Olive McCormick (who later changes her name to Olive Shine for the stage) has been absolutely determined to make it onto the Broadway stage as one of the infamous and revered Ziegfeld Follies and she’s done everything she can to improve those chances, including allowing herself to be seduced by an older man she meets one night in Hollywood who spikes her drink, claims to be a studio executive and promises to put in a good word for her with Mr. Ziegfeld. Although in those early pages we cringe as Olive makes questionable, naive choices, soon she is able to put the past behind her and is beginning to enjoy, or rather revel in her success as an up-and-coming Ziegfeld girl.
What happens when she meets Archie Carmichael, a handsome and wealthy man?
Archie is the first man Olive has met who admires her for her independent ways and she quickly falls in love, but a scandalous secret from her past threatens to ruin her chances of a happy-ever-after. I don’t want to give too much away but, in the end, she has to decide if she’s willing to give up the life she loves for the man she loves.
So much of this book deals with female ambition and drive. For many women our lives depend on it – we simply cannot thrive without pursuing our creative interests, and in Olive’s case it’s performing. When we are able to delve into, and find success in the things that we love, we feel alive. In the 1920s women had earned the right to vote and many women, specifically those known as flappers, were fiercely defending their freedom to live their lives, dress, dance and speak out the way they wanted to. But despite the changing times, there was still a huge part of society who looked down upon that desire. Sacrifices had to be made.
What’s the best way for readers to stay connected with you?
I love to hear from readers. I’m on Instagram, Facebook, and TikTok @nicolaharrisonauthor
My website is www.nicolaharrison.com where you can sign up for my newsletter.
Or you can email me at email@example.com
If you want to get into 1920s mood I created a playlist on Spotify
Thanks for chatting with me about your new release, THE SHOW GIRL which is now available wherever books are sold. Happy summer!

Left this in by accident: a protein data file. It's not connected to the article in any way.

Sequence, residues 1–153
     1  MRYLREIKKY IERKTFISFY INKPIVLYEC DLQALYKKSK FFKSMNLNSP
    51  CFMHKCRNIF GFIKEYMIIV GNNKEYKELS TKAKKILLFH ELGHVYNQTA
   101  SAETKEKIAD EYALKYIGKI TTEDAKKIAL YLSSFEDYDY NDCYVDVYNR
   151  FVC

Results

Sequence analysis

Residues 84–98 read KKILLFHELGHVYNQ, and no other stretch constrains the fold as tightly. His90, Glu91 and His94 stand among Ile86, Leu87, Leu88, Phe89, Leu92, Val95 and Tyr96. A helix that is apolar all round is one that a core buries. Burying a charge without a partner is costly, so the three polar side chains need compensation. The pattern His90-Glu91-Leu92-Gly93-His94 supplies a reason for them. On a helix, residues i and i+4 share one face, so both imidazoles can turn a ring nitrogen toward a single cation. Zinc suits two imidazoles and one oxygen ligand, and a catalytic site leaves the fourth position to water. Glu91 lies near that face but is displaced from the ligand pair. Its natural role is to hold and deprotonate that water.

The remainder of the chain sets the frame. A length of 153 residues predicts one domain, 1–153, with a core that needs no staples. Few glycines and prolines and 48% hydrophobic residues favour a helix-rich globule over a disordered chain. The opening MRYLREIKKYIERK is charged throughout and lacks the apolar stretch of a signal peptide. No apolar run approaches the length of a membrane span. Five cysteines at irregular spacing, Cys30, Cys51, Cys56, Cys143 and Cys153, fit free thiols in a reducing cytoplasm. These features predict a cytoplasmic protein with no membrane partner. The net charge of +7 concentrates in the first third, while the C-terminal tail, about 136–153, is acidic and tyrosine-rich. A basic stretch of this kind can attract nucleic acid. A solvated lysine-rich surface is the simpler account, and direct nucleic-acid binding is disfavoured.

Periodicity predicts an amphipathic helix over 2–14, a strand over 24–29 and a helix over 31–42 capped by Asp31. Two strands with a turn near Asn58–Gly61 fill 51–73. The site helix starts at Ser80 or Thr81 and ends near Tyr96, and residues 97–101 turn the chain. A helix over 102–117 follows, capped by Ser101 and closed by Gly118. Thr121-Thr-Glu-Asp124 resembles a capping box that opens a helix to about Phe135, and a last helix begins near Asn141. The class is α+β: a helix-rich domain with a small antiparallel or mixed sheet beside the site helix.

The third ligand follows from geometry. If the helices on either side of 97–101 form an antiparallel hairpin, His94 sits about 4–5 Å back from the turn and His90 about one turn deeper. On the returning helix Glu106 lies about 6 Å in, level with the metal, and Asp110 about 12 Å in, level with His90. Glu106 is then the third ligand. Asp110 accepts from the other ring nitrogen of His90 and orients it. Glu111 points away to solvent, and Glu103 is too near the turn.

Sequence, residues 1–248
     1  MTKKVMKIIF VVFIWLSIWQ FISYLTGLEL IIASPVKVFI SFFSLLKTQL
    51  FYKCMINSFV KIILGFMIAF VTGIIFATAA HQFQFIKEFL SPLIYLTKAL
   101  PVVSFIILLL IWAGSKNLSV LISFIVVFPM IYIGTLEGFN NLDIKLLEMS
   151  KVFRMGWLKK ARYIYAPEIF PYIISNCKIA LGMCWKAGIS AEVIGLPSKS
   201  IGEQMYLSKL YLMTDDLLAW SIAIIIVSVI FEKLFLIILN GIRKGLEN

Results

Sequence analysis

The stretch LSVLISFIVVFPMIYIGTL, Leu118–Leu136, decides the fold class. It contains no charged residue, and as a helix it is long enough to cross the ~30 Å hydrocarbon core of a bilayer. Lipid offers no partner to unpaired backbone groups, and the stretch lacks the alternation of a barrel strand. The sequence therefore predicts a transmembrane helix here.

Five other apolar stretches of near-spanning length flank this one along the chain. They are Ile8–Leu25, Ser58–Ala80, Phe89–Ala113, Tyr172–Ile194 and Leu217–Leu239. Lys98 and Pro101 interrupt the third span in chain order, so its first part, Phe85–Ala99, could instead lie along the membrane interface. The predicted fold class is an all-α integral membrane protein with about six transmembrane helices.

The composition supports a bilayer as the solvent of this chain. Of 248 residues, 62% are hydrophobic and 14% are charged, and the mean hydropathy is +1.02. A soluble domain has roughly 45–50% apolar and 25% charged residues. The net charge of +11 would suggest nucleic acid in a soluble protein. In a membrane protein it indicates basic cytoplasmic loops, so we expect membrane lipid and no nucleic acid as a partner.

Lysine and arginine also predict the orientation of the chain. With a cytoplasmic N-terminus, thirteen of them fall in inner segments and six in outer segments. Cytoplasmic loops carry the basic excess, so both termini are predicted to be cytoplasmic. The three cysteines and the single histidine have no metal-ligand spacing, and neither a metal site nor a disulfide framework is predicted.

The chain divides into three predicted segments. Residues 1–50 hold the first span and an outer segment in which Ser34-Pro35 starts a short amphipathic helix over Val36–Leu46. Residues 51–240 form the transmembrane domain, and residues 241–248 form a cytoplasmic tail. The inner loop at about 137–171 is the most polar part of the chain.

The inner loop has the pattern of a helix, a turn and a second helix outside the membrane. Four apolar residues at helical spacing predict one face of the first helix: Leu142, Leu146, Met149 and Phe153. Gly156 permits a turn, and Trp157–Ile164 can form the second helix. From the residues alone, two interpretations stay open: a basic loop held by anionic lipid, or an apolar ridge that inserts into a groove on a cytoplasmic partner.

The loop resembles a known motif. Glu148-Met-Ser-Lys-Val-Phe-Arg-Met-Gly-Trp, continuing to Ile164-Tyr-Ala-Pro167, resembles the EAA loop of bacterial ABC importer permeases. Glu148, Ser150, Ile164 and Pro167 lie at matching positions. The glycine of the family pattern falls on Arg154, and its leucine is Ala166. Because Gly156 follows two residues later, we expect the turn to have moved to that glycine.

Thank you so much and happy reading!
Nicola Harrison’s The Show Girl gives a glimpse of the glamorous world of the Ziegfeld Follies, through the eyes of a young midwestern woman who comes to New York City to find her destiny as a Ziegfeld Follies star.
It’s 1927 when Olive McCormick moves from Minneapolis to New York City determined to become a star in the Ziegfeld Follies. Extremely talented as a singer and dancer, it takes every bit of perseverance to finally make it on stage. And once she does, all the glamour and excitement is everything she imagined and more–even worth all the sacrifices she has had to make along the way.
Then she meets Archie Carmichael. Handsome, wealthy–the only man she’s ever met who seems to accept her modern ways–her independent nature and passion for success. But once she accepts his proposal of marriage he starts to change his tune, and Olive must decide if she is willing to reveal a devastating secret and sacrifice the life she loves for the man she loves.
About Nicola Harrison
Born in England, Nicola Harrison moved to CA where she received a BA in Literature at UCLA before moving to NYC and earning an MFA in creative writing at Stony Brook. She is a member of The Writers Room, has short stories published in The Southampton Review and Glimmer Train, and articles in Los Angeles Magazine and Orange Coast Magazine. She was the fashion and style staff writer for Forbes, had a weekly column at Lucky Magazine, and is the founder of a personal styling business, Harrison Style.
About Jennifer Vido
Jennifer Vido is best known for her nationally syndicated Jen’s Jewels author interview column. A savvy book blogger she dishes the scoop on the latest happenings in the publishing business. As a national spokesperson for the Arthritis Foundation, she has been featured by Lifetime Television, Redbook, Health Monitor, The New York Times, The Baltimore Sun, Healthguru.com, and Arthritis Today. She is the author of the Piper O’Donnell Mystery series. Currently, she lives in the Baltimore area with her husband and two sons.